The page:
WPP Results Show Why Agencies Are Merging, Not Dying

The media agency model has received more premature obituaries than email marketing, and that's quite a few. Today it's tempting to dust off the old arguments and give them another airing, given that WPP is flatlining and merging agencies like an overactive wedding planner.

Billings are down 5%, like-for-like, and Sir Martin Sorrell has referred to 2017 as "not a pretty year" where margins and revenue are just flatlining. But does this spell the end for a model or an individual company that is still making a post-tax profit of GBP1.9bn? It's unlikely.

There is a lot of truth in the arguments made about media agencies. There have been massive transparency issues. There are rebates that agencies feel their budgets earn, but they don't always see returned and might lead an agency to place budget where the sweetest kickbacks are. There has been a woeful lack of attention given to viewability and brand safety. It's easy to forget the two YouTube brand safety boycotts of last year resulted from an investigation at The Times, not a sharp-eyed media exec.

Then there are the potentially damning insights that, as an Adobe study found, nearly two in three brands anticipate taking their programmatic spending in-house within five years. 

The pent-up feeling that the model could do more for the people who throw money in at the top of the funnel and the sentiment they could just do it for themselves have been palpable for the past year or so.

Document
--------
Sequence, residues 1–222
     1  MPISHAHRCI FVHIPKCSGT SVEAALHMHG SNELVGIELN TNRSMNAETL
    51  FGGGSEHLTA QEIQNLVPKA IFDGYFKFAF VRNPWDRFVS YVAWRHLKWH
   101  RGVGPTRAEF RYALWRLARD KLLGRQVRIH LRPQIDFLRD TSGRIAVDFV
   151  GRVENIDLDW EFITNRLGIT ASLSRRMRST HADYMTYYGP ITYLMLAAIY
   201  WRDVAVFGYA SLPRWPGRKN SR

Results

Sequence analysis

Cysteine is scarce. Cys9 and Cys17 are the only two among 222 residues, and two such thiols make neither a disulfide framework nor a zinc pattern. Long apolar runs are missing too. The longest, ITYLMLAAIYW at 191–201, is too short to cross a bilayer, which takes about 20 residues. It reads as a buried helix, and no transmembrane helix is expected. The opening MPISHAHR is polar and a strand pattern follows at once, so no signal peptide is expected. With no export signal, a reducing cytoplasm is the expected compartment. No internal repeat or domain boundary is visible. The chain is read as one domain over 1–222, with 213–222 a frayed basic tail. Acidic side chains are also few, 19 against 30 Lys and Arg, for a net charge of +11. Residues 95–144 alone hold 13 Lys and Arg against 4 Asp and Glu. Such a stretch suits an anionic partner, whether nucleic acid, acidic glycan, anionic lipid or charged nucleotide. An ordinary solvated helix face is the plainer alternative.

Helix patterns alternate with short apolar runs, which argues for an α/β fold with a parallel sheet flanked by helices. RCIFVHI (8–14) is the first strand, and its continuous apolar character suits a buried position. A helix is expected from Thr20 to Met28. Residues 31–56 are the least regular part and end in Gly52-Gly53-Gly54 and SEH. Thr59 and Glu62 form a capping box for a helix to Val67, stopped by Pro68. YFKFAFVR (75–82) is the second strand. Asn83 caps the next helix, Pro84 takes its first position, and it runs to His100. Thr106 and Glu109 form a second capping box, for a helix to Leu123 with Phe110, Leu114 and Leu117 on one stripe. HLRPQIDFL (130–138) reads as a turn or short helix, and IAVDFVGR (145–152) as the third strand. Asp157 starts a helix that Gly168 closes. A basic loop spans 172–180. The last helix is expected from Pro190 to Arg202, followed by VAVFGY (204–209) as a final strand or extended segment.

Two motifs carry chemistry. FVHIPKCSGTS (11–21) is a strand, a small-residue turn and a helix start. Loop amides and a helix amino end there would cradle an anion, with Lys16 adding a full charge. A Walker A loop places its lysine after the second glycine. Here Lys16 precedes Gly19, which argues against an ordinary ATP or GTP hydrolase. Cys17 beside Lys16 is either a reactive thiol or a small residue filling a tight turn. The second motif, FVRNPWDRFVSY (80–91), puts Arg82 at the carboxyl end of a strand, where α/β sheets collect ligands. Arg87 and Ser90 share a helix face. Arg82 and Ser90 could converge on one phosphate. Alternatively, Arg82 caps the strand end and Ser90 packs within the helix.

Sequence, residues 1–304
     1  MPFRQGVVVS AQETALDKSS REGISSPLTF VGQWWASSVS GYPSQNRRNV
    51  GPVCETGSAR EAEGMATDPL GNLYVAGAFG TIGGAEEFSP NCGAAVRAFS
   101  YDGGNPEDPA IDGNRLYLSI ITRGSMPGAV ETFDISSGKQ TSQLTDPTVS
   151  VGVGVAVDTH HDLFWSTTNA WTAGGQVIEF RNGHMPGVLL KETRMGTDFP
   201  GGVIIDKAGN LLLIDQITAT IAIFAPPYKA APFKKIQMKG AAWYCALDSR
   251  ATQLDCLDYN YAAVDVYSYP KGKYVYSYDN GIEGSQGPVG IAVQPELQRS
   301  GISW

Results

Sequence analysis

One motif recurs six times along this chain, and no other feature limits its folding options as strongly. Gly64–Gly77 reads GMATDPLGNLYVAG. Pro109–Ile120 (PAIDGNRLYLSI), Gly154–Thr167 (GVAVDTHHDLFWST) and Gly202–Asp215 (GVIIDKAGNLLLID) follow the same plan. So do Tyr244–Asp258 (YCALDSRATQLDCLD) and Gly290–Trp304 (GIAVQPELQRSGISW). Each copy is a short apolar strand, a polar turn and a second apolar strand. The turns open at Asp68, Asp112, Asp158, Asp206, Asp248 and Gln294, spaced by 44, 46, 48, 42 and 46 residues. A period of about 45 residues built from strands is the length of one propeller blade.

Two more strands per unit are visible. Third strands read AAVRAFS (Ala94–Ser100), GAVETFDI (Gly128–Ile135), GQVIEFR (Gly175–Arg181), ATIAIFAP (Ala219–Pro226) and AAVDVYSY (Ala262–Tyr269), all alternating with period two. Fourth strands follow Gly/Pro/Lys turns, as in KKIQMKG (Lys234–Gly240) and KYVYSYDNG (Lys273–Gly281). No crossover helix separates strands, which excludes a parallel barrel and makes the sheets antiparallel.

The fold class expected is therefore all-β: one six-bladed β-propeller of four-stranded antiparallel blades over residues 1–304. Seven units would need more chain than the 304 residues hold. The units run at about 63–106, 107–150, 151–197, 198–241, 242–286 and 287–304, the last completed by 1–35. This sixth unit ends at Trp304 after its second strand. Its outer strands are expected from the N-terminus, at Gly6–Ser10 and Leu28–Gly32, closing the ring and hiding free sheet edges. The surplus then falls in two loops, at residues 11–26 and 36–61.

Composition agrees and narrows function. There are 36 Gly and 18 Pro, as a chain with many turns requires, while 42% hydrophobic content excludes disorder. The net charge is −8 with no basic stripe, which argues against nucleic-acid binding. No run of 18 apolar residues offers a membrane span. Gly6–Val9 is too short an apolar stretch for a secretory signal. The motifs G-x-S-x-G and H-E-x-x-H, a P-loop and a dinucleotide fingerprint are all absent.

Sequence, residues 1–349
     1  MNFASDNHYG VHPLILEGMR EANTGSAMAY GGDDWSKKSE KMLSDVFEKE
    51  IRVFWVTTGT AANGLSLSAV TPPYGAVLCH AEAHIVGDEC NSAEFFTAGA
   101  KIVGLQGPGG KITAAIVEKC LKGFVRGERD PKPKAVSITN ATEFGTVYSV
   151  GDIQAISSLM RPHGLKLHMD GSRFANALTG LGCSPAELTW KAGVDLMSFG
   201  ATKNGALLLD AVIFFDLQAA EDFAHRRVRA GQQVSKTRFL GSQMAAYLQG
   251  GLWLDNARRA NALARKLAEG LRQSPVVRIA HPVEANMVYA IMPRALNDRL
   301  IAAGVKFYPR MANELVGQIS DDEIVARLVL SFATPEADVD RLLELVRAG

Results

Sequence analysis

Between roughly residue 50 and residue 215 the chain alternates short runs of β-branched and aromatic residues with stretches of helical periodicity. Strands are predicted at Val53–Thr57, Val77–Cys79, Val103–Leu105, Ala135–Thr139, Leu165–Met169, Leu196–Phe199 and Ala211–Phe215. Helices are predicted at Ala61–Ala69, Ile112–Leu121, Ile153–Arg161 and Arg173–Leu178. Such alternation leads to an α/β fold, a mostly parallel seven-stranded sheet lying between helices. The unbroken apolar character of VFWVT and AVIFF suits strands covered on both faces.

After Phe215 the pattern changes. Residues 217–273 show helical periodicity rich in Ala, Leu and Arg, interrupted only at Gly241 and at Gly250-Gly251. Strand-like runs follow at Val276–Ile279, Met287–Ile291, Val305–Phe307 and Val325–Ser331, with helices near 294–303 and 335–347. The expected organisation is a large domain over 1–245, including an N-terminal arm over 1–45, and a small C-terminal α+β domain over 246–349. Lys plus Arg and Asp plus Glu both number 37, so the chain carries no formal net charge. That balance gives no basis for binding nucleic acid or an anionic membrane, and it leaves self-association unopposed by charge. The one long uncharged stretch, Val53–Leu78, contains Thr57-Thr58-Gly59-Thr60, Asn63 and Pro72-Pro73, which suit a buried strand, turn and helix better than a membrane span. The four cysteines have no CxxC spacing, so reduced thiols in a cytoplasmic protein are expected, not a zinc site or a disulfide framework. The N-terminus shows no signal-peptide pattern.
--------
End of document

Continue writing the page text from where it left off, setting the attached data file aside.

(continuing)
Little wonder, then, that so many big names are calling media reviews. HSBC, Shell, Asda, Sky, Mars and Coca-Cola are all, according to The Drum, reevaluating their media accounts just a couple of months into 2018. 

I remember looking at this before. A couple of years ago we had a massive raft of media accounts being renewed. The inconvenient truth for those writing off media agencies is, they largely just changed hands. They didn't go off-grid or set up on themselves, they simply moved shop. The individual agency relationship ended, but the business model was not replaced.

Since then we've had 2017 as the year of the transparency debate and that appears to be bringing in change. Fundamentally, though, there are a couple of reasons why big brands are likely to stick with the big agencies.

The big guys get the best deals on media. It's probably the original reason for picking a big agency but it still holds true that their purchasing power can get brands a better deal.